Also known as the National Electrical Code, NFPA 70 focuses on the safety of installed electrical equipment. It contains key provisions that specify how quickly backup power must be made available when an outage of the normal power source occurs. All life-safety and legally required loads must have access to emergency power within specified time limits. Review NFPA 70 here.

What Are the Types of Hospital Emergency Power Generators?
Hospitals rely on different kinds of power generators to supply backup power. The following are several possible options:

Offering high efficiency, diesel generators are the most commonly used backup power source for hospitals.

Gas units make up only a small fraction of emergency generators on the market. Although they often offer different performance characteristics than diesel units, gas generators can offer reduced emissions when compared to types of diesel. Because they are typically connected to natural gas distribution systems, they may offer extended continuous operation without a need for fuel deliveries.

Mobile generators are often used as a secondary power source for a backup power supply. These generators may be transported to a healthcare facility to supplement a permanent generator that must be taken offline for maintenance or repair. Mobile generators are likewise valuable for providing backup power to facilities that cannot justify the expense of a permanent generator.

A microgrid is any form of self-sufficient energy system serving a specific location. Microgrids may encompass the aforementioned diesel, gas, and mobile generator options, or rely on other sources of energy. It’s worth noting, however, solar or wind power sources typically supplement a facility’s normal and emergency power sources, Here is a four-part white paper detailing microgrids and their uses (part 1, part 2, part 3, and part 4).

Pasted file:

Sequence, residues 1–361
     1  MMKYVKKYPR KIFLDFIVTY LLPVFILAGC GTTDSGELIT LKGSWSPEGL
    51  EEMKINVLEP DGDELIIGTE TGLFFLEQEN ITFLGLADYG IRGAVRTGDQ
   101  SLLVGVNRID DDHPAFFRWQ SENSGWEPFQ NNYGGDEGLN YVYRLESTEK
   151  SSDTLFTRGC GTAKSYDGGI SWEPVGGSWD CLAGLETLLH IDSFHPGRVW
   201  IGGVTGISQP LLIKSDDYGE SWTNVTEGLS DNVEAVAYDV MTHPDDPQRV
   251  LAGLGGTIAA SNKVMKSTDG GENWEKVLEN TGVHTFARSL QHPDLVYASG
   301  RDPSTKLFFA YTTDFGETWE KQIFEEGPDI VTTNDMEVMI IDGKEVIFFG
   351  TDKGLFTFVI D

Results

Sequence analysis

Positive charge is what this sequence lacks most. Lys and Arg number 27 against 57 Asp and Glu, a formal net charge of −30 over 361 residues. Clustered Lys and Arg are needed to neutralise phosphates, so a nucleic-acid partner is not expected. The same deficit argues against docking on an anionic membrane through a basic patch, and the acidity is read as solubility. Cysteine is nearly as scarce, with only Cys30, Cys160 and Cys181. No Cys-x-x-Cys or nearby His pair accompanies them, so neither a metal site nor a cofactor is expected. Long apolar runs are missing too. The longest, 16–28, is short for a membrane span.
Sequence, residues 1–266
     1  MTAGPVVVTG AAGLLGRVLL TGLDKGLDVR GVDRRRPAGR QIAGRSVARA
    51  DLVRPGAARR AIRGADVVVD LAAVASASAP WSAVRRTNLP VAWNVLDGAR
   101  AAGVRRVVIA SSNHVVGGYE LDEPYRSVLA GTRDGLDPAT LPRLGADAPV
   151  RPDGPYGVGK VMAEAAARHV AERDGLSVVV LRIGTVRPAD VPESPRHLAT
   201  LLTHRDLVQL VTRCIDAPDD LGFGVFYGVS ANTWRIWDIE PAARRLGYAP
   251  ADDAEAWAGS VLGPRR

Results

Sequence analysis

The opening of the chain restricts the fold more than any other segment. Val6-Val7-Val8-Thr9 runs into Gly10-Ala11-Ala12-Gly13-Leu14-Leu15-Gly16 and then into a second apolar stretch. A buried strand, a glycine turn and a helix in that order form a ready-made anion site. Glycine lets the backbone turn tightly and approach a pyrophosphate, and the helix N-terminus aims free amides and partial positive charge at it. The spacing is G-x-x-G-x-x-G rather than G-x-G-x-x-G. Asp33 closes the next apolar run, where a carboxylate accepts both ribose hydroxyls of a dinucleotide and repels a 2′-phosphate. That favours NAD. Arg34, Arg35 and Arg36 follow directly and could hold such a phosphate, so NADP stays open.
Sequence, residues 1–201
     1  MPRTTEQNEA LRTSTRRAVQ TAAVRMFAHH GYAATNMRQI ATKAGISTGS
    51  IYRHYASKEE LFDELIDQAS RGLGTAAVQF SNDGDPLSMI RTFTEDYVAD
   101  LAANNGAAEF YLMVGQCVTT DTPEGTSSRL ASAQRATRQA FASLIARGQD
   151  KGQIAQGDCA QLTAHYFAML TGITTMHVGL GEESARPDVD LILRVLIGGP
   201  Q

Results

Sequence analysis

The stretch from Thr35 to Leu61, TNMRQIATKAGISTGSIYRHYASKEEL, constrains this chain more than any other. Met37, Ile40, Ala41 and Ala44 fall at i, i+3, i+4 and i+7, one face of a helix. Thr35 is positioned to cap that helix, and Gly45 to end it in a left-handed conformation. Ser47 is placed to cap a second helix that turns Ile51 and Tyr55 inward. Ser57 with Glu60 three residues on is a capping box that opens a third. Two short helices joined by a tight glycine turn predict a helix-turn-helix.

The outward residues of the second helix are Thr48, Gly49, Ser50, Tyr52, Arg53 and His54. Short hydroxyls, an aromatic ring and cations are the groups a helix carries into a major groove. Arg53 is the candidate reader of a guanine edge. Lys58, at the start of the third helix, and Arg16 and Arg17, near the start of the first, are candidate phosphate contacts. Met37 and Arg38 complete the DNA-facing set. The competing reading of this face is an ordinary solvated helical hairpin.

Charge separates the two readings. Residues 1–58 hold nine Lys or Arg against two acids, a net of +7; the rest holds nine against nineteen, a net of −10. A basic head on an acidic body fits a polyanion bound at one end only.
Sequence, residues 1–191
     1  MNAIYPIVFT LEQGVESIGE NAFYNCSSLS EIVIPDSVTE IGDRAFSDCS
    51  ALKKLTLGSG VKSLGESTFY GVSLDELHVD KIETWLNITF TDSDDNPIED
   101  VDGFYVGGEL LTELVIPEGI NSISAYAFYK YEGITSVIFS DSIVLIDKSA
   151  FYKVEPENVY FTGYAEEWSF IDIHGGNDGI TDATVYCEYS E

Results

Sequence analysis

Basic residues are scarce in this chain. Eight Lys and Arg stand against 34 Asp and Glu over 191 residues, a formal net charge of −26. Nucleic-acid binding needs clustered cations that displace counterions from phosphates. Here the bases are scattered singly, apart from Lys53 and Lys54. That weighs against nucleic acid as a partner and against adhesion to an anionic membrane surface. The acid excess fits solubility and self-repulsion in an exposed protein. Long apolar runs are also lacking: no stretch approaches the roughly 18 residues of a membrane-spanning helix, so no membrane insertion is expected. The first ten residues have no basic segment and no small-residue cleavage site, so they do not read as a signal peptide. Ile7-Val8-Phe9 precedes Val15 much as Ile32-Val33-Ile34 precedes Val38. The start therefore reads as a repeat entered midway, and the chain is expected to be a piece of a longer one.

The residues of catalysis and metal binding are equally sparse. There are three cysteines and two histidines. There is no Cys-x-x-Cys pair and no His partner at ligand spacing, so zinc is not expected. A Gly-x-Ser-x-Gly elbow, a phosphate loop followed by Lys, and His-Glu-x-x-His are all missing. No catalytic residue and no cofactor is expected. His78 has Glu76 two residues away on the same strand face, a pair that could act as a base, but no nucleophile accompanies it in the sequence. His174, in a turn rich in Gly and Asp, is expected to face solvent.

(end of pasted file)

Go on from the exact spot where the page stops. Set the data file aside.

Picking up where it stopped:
How Do Hospitals Make the Best Use of Generators?

While hospital emergency power systems must be capable of meeting large power needs, real-time demand may exceed capacity. Due to a number of factors (including cost), generators are seldom designed to supply the entire facility’s normal power load. Instead, they often set supply emergency and legally required loads as well as some portion of the most important optional loads.

Load management equipment and its associated strategies help ensure that no single generator is responsible for more than its maximum capacity. Load management units (such as the ASCO 5800 Series) use assigned priorities to supervise automatic transfer switches (ATS), keeping the most vital loads online while also helping to manage less-vital loads. With effective load management, hospitals and other care facilities are able to intelligently connect and disconnect loads when needed to optimize generator usage.

Hospital Emergency Power Requirements: Rules that Save Lives

Hospital emergency power is something that few people consider, but everyone depends on. Supported by advanced backup power systems, load management strategies, and well-developed industry codes t r, healthcare facilities can operate securely in the knowledge that power outages don’t have to impact patient care and occupant well-being.